Sunday, July 15, 2012

Amendment or Supreme Court Ruling?

The Supreme Court of the United States ruled in Reynolds v. United States (1878) that polygamy is not a Constitutionally-protected right. This has allowed the U.S. government to ban it. Even if the U.S. government didn’t ban, it the ruling allows states to ban it. The only way to ensure the right to polygamy would be for either a new Supreme Court decision reversing the old one, or a Constitutional amendment: the Marriage Equality Amendment. A court reversal could come as part of a ruling about same-sex marriage.

Striking down DOMA in a way that just sends the matter back to the states still leaves all of those states with laws banning gay marriage, polygamy, and consanguineous marriage. If, however, the court rules that the right to marriage should negate not only DOMA but most state marriage bans, that would be great. But what are the chances of that? If it doesn’t happen, then adding an amendment to the American Constitution, which isn’t easy, would be the best way of granting full marriage equality.
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1 comment:

  1. The Supreme Court route is the only practical route. The chances of success are continuously improving. DOMA and SSM will build upon the foundation provided by Loving v. Virginia (in which one interracial married couple, backed by the ACLU, took their cause all the way to the US Supreme Court, whereupon the Supreme Court struck down all state and federal laws against interracial marriage) and Lawrence v. Texas (in which one gay couple, backed by the ACLU, took their cause all the way to the US Supreme Court, whereupon the Supreme Court struck down all state and federal laws against sodomy).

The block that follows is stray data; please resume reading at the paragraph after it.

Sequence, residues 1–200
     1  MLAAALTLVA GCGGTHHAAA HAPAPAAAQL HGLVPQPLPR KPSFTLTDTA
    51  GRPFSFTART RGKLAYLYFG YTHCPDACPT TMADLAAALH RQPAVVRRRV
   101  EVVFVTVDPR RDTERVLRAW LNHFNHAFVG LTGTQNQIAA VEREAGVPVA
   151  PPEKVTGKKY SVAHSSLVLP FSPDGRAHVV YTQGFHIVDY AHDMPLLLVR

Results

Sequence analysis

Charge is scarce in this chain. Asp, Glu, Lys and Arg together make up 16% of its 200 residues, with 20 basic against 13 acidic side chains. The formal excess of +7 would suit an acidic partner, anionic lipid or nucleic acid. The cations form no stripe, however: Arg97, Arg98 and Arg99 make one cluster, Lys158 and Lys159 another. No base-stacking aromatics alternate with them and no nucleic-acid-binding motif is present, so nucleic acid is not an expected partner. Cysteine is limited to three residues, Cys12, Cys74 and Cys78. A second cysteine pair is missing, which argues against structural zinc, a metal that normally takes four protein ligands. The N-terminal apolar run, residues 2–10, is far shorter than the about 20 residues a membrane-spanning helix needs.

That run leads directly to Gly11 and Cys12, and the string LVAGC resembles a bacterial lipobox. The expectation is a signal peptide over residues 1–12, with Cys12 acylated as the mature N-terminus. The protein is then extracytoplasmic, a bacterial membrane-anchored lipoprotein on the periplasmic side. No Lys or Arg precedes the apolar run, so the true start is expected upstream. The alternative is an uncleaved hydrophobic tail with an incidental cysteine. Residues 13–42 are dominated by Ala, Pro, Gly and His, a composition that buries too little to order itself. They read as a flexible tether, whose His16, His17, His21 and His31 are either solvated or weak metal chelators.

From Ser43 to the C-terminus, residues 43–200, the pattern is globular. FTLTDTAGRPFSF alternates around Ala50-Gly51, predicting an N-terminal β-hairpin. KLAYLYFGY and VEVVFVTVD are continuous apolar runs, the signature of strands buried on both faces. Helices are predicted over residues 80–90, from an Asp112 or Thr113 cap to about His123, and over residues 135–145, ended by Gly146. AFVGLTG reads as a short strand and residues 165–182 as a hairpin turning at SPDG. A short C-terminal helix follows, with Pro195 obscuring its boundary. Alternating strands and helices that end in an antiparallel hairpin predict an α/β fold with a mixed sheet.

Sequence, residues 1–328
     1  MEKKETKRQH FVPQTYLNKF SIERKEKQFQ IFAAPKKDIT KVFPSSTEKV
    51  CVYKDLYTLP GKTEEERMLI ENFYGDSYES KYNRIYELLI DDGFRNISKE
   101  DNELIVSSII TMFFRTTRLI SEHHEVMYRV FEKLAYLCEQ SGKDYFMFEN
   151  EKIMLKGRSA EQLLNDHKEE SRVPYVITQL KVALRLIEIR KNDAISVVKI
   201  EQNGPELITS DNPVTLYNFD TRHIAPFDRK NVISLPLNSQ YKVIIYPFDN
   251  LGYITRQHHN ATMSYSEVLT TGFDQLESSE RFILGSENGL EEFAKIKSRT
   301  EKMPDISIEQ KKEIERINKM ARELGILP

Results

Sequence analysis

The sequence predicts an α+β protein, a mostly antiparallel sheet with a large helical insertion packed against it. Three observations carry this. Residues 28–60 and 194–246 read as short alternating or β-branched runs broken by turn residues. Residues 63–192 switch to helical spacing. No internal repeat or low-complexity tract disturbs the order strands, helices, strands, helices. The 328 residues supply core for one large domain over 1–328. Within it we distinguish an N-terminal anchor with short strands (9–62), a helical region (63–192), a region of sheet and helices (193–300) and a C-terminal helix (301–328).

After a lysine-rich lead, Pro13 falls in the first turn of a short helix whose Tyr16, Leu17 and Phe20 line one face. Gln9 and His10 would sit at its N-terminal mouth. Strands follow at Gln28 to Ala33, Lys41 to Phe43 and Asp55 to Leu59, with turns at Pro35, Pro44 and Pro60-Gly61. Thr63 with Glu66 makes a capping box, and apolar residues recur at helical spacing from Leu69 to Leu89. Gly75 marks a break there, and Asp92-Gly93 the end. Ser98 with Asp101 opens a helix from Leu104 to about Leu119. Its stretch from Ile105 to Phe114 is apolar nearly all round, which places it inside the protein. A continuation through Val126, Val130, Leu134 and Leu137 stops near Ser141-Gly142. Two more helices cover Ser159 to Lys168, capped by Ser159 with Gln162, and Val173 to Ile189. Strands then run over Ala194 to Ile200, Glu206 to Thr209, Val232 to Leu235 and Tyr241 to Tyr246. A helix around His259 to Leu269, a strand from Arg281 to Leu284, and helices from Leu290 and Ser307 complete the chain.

After DOMA and SSM, there are several routes for further development. Probably the easiest route is to attack the incest laws, starting with first cousin marriage (which is legal in some states but not in others). Another route is to attack the bigamy laws in order to enable married persons to participate in additional marriages (dyadic networks). These attacks will be very complex and will require extensive preparatory research and development.

    Now is the time to do that research and development. If the time associated with the DOMA and SSM developments is well spent in diligent preparation, then these new avenues of attack can proceed quickly once DOMA and SSM are completed. Otherwise, there will be further delays, and full marriage equality will then take longer and longer to be realized.


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